You can find the pronunciation of this lullaby in the notes.

 竹田の子守歌  - Japanese Children's Songs - Japan - Mama Lisa's World: Children's Songs and Rhymes from Around the World  - Intro Image


京都府民謡 - Kyoto Folk Song


Mori mo iyagaru, Bon kara saki-nya
Yuki mo chiratsuku-shi, Ko mo naku-shi

Bon ga kita-tote, Nani ureshi-karo
Katabira wa nashi, Obi wa nashi

Kono ko you naku, Mori wo ba ijiru
Mori mo ichi-nichi, Yaseru-yara

Hayo-mo yuki-taya, Kono zaisho koete
Mukou ni mieru wa, Oya no uchi
Mukou ni mieru wa, Oya no uchi

*Sayuri wrote about the meaning of the first two lines of this song:

"Hi! My name is Sayuri and I really loved your blog! About the music Lullaby of Takeda I'm almost 100% sure the correct translation [of the first two lines] isn't about days off but about the 'Bon matsuri' a Japanese Buddhist custom to honor the spirits of one's ancestors, something like 'El día de los muertos' (Day of the Dead) in Mexico. Bon is a major holiday and even nowadays people come back to their home land to visit the family graves, pray at the temples and participate in the festival. The girl in the song is looking forward for the holiday when she will be able to visit her home."

We asked Debbie Davidson, a Japanese English translator, about a translation of the first two lines. She replied:

"A more careful translation would be: 'Babysitting gets more tiresome after o-Bon. The snow begins to fall and the baby cries all the time.'"

 竹田の子守歌  - Japanese Children's Songs - Japan - Mama Lisa's World: Children's Songs and Rhymes from Around the World  - Comment After Song Image


Linda Austin wrote, "The Lullaby of Takeda is so sad! My mother was made to leave her home after sixth grade to live in a rich person's home and babysit to make money for her family. Her older sisters had done the same. Their mother (my grandmother) said they would have better food to eat that way. I've also attached a photo (seen on this page) of the babysitting doll my mother made when she was a girl, not sure if before she was sent away or later, although she was sometimes allowed to walk across town with the baby to visit her parents. The doll's hair is glued on with mashed cooked rice. The lullaby words were a familiar story for many old-generation Japanese living through the lean years of the Depression and effects of war in Manchuria."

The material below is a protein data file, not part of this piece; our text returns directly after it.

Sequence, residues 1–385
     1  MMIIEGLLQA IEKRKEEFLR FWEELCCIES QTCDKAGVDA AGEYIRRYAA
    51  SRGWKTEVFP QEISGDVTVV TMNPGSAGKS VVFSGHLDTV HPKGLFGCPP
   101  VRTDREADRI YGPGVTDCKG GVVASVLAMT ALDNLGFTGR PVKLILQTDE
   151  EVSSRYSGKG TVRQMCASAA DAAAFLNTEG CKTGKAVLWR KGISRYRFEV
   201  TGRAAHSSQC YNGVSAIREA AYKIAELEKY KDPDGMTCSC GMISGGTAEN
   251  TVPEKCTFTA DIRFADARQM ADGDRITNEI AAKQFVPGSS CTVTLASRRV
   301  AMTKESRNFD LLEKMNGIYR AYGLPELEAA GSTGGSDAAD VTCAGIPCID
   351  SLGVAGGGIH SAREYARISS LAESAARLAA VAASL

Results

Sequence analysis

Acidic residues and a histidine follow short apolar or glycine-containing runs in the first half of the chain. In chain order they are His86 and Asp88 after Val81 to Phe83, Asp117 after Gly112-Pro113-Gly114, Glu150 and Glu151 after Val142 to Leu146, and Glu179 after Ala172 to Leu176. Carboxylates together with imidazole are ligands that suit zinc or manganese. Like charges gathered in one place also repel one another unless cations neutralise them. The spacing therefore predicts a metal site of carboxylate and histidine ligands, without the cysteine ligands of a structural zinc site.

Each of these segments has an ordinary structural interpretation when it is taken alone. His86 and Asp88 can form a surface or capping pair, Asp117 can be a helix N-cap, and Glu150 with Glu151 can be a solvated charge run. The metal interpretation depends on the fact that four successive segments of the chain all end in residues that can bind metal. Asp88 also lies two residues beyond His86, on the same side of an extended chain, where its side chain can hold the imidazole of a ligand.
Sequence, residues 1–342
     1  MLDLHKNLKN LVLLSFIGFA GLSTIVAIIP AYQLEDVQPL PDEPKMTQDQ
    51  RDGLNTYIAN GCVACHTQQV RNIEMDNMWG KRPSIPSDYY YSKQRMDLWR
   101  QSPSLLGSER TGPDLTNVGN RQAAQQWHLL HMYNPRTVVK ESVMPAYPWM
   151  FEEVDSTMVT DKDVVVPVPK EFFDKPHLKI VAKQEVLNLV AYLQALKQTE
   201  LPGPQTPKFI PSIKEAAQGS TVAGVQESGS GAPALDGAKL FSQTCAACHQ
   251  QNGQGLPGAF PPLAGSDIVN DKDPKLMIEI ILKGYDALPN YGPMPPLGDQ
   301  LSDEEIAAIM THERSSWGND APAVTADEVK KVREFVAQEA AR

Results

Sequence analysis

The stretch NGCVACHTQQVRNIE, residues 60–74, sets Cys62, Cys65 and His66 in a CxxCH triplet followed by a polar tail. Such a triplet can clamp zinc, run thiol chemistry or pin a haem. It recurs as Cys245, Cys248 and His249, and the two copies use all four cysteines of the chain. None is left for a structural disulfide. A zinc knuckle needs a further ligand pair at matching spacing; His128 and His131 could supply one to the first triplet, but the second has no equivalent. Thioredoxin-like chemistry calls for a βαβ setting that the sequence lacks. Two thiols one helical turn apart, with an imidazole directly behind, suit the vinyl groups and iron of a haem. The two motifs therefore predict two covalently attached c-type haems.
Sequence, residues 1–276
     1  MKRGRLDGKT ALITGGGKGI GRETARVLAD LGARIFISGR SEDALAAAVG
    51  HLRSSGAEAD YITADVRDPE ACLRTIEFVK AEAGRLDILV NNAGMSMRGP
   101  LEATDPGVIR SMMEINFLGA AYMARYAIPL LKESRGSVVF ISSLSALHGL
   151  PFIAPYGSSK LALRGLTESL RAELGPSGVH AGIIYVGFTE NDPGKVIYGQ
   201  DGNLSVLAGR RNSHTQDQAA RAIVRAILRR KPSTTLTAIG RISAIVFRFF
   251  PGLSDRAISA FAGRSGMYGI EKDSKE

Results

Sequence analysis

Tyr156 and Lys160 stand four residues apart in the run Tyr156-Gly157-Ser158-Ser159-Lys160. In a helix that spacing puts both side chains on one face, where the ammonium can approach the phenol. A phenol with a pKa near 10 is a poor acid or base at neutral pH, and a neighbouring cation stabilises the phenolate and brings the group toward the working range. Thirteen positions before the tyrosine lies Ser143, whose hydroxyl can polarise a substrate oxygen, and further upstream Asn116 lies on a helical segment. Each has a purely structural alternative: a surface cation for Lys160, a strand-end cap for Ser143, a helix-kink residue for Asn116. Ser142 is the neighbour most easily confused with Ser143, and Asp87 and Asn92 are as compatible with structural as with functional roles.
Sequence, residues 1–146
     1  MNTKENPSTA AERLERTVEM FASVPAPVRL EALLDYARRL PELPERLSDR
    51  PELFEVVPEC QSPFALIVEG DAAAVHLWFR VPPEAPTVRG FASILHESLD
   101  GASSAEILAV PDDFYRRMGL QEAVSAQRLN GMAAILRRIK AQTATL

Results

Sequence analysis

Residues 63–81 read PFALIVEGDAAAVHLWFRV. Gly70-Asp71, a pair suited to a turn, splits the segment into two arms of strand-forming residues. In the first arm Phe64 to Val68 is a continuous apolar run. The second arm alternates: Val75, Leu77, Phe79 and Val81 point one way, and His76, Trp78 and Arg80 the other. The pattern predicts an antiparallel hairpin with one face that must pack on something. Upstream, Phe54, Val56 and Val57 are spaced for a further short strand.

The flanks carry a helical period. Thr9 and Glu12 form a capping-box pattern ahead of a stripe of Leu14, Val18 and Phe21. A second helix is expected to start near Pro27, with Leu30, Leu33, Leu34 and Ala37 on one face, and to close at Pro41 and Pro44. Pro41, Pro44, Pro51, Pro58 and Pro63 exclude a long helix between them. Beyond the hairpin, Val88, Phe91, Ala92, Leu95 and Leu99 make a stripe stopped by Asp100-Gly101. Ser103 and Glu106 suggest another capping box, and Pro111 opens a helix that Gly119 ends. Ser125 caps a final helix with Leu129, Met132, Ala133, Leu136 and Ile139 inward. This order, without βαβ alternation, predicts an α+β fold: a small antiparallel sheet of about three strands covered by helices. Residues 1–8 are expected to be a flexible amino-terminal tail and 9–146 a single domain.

"This song is also a kind of work song for some poor young girls in olden times, as it were. I've heard this song on TV and the radio in Japan many times." -Sadao



Many thanks to the Miyoshi Family for sharing their rendition of Takeda Lullaby.


Many thanks to Sadao Mazuka for singing this song for us in Japanese and in English!

The recording below is of this song in English (very close to the English translation above).


Thanks and Acknowledgements

Many thanks to Sadao Mazuka for contributing this song with the translation!

Many thanks to Linda Austin from Moonbridge Books for the etegami illustration and for the photo! Check out Linda's book about her mother's experiences in Japan during WWII.

Many thanks to Sayuri for writing to us about the meaning of the song!"

Thanks to Debbie Davidson for helping with the meaning of the song! Check out Debbie's site about Etegami!

Arigato gozaimasu!